When we announced the SAS Global Forum 2013 Best Contributed Paper winners on our blog, the response was huge! I asked the authors to comment on whether or not their paper topics had any broader applications. The response was overwhelmingly positive. Seems like these winning SAS findings are Swiss army knives of the anayltics world! Check out the authors' responses:
Art Carpenter: “These techniques apply wherever the macro language is used.”
Macro Quoting to the Rescue: Passing Special Characters, with co-author Mary Rosenbloom
Beinan Zhao: “Most of my work involves doing data management and statistical analysis for clinical/public health research. Palo Alto Medical Foundation is one of the pioneers in the U.S. who adopted the Electronic Health Records (EHR) system in clinical practice and put data from it into meaningful use. As the number of healthcare facilities that use EHR system has been increasing worldwide, the methods we developed could be adopted by anyone who’s interested in using EHR data for purposes of quality assurance, studies of cost effectiveness or comparative effectiveness of different treatments or evaluations of patient behaviors, etc… The SAS algorithms can be adopted by other people in academia, pharmaceutical companies, consulting firms who have healthcare arms, health insurance companies or government agencies.”
Estimating Patient Adherence to Medication with Electronic Health Records Data and Pharmacy Claims Combined
Patrick Thorton: “The technique I presented might be considered whenever there are indicator variables where two or more may be ‘Yes’ at the same time. I would venture that every industry has this situation, and therefore, might benefit from combining the multiple indicator variables into a single variable for sub-setting and reporting.”
A Concise Display of Multiple Response Items
Stephen Overton: “The ideas presented in my paper are cross-industry and can be applied in any industry seeking to produce aggregate reporting based on ‘big data’.”
Escape from Big Data Restrictions by Leveraging Advanced OLAP Cube Techniques
David Scocca: “Code review could be done in any area where programming is going on.”
Communicating Standards: A Code Review Experience
Lucy D’Agostino McGowan: “We applied our method to diabetes, but other applications include other chronic diseases (e.g. asthma, hypertension, obesity, and cancer), and other outcomes (e.g. health behaviors and risk factors). Outside of public health, our general approach can be applied to multiple areas and disciplines.… Statistical analysis addressing disparities in health is an exciting area of research. While small area analysis is not a new technique, it can be applied in countless new areas, including disparities research.”
Multilevel Reweighted Regression Models to Estimate County-Level Racial Health Disparities Using PROC GLIMMIX with co-author Melody S. Goodman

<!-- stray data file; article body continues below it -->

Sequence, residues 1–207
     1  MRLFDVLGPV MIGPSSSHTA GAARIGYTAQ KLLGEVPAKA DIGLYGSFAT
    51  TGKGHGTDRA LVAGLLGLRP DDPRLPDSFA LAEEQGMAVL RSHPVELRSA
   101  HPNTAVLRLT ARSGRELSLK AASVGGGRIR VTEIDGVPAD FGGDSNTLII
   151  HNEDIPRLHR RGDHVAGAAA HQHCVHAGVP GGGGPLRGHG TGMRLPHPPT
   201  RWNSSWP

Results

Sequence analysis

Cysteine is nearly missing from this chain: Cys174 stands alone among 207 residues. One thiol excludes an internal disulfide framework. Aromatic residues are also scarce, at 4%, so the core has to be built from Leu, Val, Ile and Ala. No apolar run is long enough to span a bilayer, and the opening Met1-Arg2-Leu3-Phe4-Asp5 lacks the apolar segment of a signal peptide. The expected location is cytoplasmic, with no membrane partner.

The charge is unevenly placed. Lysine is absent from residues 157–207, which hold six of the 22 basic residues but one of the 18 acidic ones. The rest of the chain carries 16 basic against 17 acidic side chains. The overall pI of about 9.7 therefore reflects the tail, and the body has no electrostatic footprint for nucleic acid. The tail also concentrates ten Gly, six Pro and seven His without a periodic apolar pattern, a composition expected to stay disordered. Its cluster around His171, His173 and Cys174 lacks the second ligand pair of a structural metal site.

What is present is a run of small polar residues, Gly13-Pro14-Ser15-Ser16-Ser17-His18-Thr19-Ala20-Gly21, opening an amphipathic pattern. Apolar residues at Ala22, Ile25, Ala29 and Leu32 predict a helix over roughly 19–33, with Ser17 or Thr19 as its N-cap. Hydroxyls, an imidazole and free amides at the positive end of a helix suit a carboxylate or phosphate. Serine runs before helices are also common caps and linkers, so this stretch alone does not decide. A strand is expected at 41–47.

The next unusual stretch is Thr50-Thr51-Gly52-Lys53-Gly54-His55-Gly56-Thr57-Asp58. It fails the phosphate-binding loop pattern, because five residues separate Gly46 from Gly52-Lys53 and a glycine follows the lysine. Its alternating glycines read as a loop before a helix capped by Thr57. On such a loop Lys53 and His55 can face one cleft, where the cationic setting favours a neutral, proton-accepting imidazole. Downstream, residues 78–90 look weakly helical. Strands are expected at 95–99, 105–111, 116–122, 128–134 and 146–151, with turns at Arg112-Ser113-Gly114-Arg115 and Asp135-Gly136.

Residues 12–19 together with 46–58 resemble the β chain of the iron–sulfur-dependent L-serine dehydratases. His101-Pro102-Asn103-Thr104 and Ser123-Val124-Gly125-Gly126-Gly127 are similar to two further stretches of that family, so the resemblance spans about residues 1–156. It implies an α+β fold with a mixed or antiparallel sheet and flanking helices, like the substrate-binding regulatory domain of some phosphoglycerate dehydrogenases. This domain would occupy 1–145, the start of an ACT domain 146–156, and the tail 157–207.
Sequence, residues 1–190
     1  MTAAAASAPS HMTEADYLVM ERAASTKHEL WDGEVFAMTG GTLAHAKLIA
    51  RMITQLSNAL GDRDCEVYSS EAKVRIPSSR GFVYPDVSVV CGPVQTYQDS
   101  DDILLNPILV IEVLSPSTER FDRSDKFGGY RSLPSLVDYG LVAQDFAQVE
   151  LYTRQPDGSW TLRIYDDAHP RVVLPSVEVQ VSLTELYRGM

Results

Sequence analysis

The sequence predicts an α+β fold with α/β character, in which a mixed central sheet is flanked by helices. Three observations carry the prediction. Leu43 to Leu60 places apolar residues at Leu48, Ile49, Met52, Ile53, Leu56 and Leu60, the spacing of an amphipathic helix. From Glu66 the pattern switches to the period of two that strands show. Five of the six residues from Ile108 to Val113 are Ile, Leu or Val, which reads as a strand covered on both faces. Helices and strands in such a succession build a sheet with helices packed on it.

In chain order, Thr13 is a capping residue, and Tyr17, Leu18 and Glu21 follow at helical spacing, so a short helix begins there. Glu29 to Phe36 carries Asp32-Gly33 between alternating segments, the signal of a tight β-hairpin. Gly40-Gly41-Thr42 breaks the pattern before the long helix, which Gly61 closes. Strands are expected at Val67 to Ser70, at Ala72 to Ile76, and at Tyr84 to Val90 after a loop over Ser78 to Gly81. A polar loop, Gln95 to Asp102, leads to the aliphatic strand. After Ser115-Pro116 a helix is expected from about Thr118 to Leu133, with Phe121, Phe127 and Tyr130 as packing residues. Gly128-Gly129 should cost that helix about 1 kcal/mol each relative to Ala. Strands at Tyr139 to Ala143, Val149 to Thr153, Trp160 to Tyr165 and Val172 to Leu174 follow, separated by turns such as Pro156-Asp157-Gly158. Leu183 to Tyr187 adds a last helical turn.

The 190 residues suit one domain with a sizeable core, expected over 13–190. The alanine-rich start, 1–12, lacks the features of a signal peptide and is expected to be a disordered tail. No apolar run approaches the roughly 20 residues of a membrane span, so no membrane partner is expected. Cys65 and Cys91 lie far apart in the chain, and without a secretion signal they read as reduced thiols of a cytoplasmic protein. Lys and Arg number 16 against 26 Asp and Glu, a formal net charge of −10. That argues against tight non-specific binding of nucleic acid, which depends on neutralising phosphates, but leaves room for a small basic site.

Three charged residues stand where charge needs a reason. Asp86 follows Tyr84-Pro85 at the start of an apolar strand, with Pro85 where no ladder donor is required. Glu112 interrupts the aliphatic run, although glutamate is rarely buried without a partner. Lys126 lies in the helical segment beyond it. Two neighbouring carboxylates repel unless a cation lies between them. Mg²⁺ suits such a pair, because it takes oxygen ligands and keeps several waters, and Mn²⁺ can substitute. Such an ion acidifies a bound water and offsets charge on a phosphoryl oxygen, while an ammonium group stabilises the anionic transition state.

Alec Lin: “Even though I used online sales data to develop the process, it can definitely be applied in other industries as well, especially in the era of big data.”
Variable Reduction in SAS® by Using Weight of Evidence and Information Value
Leonard Gordon: “Classification and regression trees (CART) are employed in a wide variety of areas. They are used as a non-parametric decision making tool.”
Using Classification and Regression Trees (CART) in SAS® Enterprise Miner™ for Applications in Public Health
Dylan Ellis: “Being able to write your own SAS functions with PROC FCMP is incredibly useful, with or without the special Run_Macro command (which allows that function to call an underlying macro). I think once more people become aware of this capability, user-written functions will be as ubiquitous as formats and macros. As for Run_Macro , my presentation is just an introduction to the technique – for more advanced examples of what PROC FCMP can do see the following papers by staff at SAS Institute:
- Stacey Christian (326-2010)– implements recursive partitioning of time series, an iteratively reweighted least squares algorithm, and an automated routine to fit a proportional hazards model.
- Jason Secosky (227-2012) – executes an SQL query from a DATA step, and also demonstrates how to retrieve images and driving distances from the Google Maps API.
- Andrew Henrick (129-2013) – uses hash objects inside FCMP functions – and as arguments to FCMP functions – to help streamline where statements and optimize expensive computations.”
Thanks once again to our paper winners who were kind enough to share their insights with us. If you’re hankering for more of their tried-and-true methods, check out: “Don’t trust the data: Advice from SAS Global Forum Paper Winners.” Their advice ranges from the nitty-gritty practicalities of how to select your paper topic to humorous quips like "don't forget the punctuation."